By Raffaello Pantucci
First published in Global Times December 17, 2012
Last month, Russia was reportedly ready to provide weapons worth $1.1 billion to Kyrgyzstan and $200 million to Tajikistan along with a further $200 million in petroleum products. In early June, China offered $10 billion through the Shanghai Cooperation Organization (SCO) to Central Asia. India has been focusing on developing a strategic partnership with Tajikistan since September, while the US always develops a stronger relationship with Uzbekistan.
There is a sense that we are returning to the “Great Game” in Central Asia. But this focus on abstract theories misses hard realities on the ground. Outside powers invest in Central Asia to advance their individual national interests, not out of a strategy directed against other powers.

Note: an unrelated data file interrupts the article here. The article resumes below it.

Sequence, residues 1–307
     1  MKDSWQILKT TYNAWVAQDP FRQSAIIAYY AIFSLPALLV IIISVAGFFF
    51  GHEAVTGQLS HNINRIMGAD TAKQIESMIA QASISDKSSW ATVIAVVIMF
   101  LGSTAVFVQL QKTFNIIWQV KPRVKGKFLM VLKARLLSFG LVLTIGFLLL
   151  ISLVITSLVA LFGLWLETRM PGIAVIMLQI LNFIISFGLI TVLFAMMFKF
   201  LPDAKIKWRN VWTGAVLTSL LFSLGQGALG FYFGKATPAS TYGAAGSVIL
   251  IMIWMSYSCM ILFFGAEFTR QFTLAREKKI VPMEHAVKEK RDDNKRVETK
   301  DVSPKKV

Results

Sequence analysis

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By Raffaello Pantucci
First published in the Financial Times Beyond Brics December 4, 2012
Picture from here
Facing a heavy domestic agenda and growing foreign policy tensions in the seas to the east, it is unlikely that Afghanistan is going to be a major priority for incoming Chinese leader Xi Jinping.
Unfortunately, this does not mean the problems are going away. The contrasting fates of China’s large extractive projects in Afghanistan highlight a number of growing issues for the new administration in Beijing as the 2014 deadline for American withdrawal imposed by President Obama looms ever closer.